Next, create a HANA dataframe and point it to the table with the uploaded data.
If your data already exists in HANA, you can create a HANA data frame through the sql or table function i.e.
Next, control your data and convert the following variables accordingly.
Control the conversion and take a look at a short description of the data. Note the target variable is called Fraud. In addition, there are eight predictors capturing different information of a transaction.
Next, split the data into a training and testing set.
Please control the size of the training and testing datasets.
Import the following dependencies for the AutomaticClassification.
The AutoML approach automatically executes data processing, model fitting, -comparison and -optimization. First, create an AutoML classifier object “auto_c” in the following cell. It is helpful to review and set respective AutoML configuration parameters.
- The defined scenario will run two iterations of pipeline optimization. The total number of pipelines which will be evaluated is equal to population_size + generations × offspring_size. Hence, in this case this amounts to 15 pipelines.
- With elite_number, you specify how many of the best pipelines you want to compare.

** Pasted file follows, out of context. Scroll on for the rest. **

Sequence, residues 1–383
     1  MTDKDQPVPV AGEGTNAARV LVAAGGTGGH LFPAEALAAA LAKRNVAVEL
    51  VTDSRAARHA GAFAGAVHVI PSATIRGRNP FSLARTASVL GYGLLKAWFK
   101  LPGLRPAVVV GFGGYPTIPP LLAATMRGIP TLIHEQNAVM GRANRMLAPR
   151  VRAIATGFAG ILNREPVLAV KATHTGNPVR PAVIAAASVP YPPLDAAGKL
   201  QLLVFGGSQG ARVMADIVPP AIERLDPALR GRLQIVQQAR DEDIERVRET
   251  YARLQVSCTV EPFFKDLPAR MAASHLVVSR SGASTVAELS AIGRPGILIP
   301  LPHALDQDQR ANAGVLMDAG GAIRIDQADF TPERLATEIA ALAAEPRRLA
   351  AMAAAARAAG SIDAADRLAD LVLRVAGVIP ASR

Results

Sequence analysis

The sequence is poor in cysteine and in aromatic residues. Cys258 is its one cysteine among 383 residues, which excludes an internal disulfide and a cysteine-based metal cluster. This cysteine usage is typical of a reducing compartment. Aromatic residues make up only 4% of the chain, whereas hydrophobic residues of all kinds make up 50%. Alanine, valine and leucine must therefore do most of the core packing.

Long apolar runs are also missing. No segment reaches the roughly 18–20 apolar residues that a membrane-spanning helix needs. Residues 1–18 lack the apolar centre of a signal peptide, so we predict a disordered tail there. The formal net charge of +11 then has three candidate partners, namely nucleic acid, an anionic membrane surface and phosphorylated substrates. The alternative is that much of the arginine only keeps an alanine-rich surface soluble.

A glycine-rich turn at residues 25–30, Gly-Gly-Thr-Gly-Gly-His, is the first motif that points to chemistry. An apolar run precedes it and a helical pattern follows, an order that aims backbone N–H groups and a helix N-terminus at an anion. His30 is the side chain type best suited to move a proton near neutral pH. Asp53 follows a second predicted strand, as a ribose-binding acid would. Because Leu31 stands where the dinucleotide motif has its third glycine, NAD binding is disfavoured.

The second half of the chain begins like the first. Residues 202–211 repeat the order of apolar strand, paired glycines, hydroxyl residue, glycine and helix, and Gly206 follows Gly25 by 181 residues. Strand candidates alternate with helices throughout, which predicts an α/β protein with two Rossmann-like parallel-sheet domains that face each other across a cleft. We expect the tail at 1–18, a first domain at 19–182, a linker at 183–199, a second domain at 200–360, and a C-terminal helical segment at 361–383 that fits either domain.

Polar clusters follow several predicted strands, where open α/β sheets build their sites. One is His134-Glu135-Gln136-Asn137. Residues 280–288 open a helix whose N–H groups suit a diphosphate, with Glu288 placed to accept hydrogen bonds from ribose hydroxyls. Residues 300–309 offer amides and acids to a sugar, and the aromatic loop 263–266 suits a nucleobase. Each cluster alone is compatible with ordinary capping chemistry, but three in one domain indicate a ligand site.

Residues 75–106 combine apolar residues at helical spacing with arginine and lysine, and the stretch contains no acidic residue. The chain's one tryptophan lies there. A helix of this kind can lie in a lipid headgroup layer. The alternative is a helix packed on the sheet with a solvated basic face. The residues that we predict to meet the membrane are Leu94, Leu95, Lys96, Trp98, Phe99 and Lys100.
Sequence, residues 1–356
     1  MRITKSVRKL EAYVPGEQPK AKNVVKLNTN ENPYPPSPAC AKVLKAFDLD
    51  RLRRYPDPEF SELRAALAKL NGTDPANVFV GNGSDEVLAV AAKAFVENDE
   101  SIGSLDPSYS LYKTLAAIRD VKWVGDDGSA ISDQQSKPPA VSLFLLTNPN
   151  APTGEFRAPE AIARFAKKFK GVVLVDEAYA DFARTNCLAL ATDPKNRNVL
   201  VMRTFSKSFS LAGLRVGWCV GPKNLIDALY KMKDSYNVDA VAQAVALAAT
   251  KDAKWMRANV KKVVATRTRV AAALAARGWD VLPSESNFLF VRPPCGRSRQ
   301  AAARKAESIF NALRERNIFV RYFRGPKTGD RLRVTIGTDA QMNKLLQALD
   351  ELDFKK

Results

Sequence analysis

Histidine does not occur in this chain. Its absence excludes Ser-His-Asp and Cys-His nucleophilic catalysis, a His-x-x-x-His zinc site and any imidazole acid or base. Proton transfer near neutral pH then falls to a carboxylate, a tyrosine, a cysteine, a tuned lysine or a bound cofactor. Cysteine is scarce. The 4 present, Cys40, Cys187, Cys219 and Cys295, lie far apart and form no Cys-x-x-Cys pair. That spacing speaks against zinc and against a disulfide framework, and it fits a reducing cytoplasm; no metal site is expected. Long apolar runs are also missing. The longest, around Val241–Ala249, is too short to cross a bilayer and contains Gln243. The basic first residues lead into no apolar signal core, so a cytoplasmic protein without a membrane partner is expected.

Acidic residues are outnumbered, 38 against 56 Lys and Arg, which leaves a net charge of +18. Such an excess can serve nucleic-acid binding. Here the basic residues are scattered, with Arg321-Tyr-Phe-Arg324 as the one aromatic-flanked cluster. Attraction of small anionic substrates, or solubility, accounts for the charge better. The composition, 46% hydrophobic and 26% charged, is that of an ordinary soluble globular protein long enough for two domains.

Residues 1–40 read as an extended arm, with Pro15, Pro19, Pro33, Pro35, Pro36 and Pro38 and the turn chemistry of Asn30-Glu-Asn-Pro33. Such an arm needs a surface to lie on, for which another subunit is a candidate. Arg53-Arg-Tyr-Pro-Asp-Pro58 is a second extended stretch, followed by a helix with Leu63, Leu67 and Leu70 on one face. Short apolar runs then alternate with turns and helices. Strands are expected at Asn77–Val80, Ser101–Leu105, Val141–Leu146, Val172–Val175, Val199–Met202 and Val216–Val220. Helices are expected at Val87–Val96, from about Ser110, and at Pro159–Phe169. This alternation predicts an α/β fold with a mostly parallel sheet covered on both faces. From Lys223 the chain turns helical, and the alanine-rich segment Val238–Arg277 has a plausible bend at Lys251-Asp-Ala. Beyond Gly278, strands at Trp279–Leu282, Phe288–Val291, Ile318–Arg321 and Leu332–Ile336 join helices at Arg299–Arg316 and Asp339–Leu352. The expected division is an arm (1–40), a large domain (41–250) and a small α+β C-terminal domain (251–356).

- Setting random_seed =1234 helps to get reproducable AutoML runs
In addition, you could set the maximum runtime for individual pipeline evaluations with the parameter max_eval_time_mins or determine if the AutoML shall stop if there are no improvement for the set number of generations with the early_stop parameter. Further, you can set specific performance measures for the optimization with the scoring parameter.
A default set of AutoML classification operators and parameters is provided as the global config-dict, which can be adjusted to the needs of the targeted AutoML scenario. You can use methods like update_config_dict, delete_config_dict, display_config_dic to update the scenario definition. Therefore, let’s reinitialize the Auto ML operators and their parameters.
You can see all the available settings when you display the configuration file.
Let’s adjust some of the settings to narrow the searching space. As the resampling method choose the SMOTETomek method, since the data is imbalanced.
Exclude the Transformer methods.
As machine learning algorithms keep the Hybrid Gradient Boosting Tree and Multi Logistic Regression.
Let’s set some parameters for the optimization of the algorithms.
Review the complete Auto ML configuration for the classification.
Next, fit the Auto ML scenario on the training data. It may take a couple of minutes. If it takes to long exclude the SMOTETomek in the resampler method of the config file.
You can monitor the pipeline progress through the execution logs.
Now, evaluate the best model on the testing data.
Then, you can create predictions with your machine learning model.
Of course, you can also save the best model in HANA. Therefore, create a Model Storage.
Save the model through the following command.
I hope this blog post helped you to get started with your own SAP Machine Learning use cases and I encourage you to try it yourself. If you want to try out more notebooks, have a look at the following Github Repository.